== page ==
Format Web Pages
Subjects Song Collection
Songs and Music
Songs Collections
Title
My Days Have Been So Wondrous Free
Description
Song Collection. The song is contained in a collection of Hopkinson's manuscripts, dating 1759-60, and housed in the Music Division of the Library of Congress. As was the performance practice at the time, Hopkinson composed "My Days have been so Wondrous Free" in but two parts, the treble and bass, leaving the harmonic details to be filled in by the accompanist. The song posses a charming, graceful melody, which is often punctuated by a repeated passing-note, resulting in a somewhat syncopated effect. A brief postlude concludes the piece.
Subject Headings
-  songs collections
-  songs and music
Genre
song collection
Other Formats
http://lcweb2.loc.gov/diglib/ihas/loc.natlib.ihas.200035608/mets.xml


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Image: The Lovers Walk The lovers walk. Currier & Ives, [between 1856 and 1907]. Prints and Photographs Reading Room, Library of Congress.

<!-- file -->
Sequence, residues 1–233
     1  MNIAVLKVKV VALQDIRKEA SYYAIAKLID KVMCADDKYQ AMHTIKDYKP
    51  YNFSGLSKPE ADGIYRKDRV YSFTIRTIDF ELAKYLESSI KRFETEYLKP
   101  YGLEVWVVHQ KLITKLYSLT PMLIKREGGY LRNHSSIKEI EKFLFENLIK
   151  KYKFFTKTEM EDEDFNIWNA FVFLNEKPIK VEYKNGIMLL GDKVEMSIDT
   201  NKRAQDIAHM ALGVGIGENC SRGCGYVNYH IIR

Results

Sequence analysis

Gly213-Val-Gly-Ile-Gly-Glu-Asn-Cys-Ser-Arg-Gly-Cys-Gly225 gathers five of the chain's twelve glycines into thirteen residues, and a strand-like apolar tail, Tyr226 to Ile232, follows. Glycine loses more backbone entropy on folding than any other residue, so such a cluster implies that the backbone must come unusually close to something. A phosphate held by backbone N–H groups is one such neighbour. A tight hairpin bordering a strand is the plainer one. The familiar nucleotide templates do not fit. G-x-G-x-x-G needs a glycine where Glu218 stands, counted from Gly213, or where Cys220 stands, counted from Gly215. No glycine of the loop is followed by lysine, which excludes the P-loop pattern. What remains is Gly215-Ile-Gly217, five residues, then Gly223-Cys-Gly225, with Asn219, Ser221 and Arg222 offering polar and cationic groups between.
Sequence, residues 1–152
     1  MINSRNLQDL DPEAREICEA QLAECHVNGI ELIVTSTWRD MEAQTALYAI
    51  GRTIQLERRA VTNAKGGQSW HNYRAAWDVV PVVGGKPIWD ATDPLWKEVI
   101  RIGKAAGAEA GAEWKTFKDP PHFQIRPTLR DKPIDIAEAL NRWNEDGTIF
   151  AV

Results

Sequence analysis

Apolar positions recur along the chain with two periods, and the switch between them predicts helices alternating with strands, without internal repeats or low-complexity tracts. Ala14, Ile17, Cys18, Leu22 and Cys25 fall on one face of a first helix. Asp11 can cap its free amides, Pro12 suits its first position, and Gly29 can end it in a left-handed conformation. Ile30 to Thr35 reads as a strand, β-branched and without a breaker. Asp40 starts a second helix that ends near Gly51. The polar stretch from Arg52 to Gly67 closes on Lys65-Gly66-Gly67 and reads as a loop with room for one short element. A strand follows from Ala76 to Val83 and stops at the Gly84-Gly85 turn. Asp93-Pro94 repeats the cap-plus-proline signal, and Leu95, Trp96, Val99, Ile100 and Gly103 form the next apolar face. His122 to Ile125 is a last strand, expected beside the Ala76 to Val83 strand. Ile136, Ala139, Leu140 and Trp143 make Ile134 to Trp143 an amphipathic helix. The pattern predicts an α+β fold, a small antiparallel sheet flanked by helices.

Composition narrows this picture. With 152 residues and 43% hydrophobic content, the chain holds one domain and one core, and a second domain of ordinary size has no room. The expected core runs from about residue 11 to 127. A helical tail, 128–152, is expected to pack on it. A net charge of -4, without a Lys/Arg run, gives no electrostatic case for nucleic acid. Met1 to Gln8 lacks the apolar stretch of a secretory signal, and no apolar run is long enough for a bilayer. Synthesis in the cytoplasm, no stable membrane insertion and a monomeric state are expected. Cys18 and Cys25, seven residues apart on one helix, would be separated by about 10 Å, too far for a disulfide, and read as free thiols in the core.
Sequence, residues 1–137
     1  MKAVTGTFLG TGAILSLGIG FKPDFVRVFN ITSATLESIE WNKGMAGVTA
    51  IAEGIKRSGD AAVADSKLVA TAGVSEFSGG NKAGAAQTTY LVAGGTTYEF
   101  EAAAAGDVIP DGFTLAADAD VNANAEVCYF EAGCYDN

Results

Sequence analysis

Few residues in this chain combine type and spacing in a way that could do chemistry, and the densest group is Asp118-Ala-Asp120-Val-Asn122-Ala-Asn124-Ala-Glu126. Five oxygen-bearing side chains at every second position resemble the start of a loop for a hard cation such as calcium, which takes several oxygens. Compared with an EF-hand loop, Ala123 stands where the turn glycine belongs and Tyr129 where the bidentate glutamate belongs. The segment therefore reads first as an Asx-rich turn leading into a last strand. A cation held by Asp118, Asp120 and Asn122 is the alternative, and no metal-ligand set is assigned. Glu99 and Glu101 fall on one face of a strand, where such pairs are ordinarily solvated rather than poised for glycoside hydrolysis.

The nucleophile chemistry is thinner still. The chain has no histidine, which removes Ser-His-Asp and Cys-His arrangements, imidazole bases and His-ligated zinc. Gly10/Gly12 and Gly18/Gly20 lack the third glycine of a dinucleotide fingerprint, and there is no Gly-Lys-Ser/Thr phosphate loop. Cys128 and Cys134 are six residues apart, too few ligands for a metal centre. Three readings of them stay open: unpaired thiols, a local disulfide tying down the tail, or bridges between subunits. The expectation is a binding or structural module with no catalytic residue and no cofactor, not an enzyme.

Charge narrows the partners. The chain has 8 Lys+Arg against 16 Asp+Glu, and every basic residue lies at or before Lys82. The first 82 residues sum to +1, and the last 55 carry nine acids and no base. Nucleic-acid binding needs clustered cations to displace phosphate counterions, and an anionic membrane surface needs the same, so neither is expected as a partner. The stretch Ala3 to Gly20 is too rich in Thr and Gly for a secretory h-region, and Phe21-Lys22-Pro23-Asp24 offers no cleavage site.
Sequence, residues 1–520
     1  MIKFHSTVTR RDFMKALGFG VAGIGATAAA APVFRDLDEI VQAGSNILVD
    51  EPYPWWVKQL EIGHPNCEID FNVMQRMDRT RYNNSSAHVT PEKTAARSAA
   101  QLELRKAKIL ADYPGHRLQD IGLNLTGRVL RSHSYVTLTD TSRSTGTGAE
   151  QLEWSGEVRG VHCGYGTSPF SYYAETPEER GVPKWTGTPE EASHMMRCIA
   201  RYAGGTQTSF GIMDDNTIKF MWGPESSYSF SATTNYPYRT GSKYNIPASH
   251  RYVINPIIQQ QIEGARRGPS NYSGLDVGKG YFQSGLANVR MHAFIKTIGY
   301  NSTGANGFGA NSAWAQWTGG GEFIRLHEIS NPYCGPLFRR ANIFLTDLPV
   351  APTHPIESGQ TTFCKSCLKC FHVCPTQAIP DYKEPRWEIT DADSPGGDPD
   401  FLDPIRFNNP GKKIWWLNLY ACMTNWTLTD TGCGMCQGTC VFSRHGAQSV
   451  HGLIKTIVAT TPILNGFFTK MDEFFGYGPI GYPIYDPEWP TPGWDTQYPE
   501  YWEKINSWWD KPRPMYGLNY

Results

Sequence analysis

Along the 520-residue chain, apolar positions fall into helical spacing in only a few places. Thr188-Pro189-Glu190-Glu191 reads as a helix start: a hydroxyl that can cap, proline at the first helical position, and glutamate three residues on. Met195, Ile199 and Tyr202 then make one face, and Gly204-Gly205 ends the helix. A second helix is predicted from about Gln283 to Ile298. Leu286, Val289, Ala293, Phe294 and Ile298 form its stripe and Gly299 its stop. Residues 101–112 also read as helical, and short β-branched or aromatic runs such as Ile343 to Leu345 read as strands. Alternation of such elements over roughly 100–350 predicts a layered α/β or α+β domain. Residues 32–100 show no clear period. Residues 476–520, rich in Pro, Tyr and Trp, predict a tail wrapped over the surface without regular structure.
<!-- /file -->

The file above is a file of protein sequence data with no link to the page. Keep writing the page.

by Francis Hopkinson (1737-1791)

The first extant art songs composed in the United States are credited to Francis Hopkinson, a friend of George Washington and signer of the Declaration of Independence. Hopkinson, the only American-born composer for whom there is evidence of having written songs prior to 1800, penned "My Days have been so Wondrous Free" (words by Doctor Parnell) in 1759. Scored for voice and harpsichord, this song by Hopkinson is America's earliest surviving secular composition.

The song is contained in a collection of Hopkinson's manuscripts, dating 1759-60, and housed in the Music Division of the Library of Congress. As was the performance practice at the time, Hopkinson composed "My Days have been so Wondrous Free" in but two parts, the treble and bass, leaving the harmonic details to be filled in by the accompanist. The song posses a charming, graceful melody, which is often punctuated by a repeated passing-note, resulting in a somewhat syncopated effect. A brief postlude concludes the piece.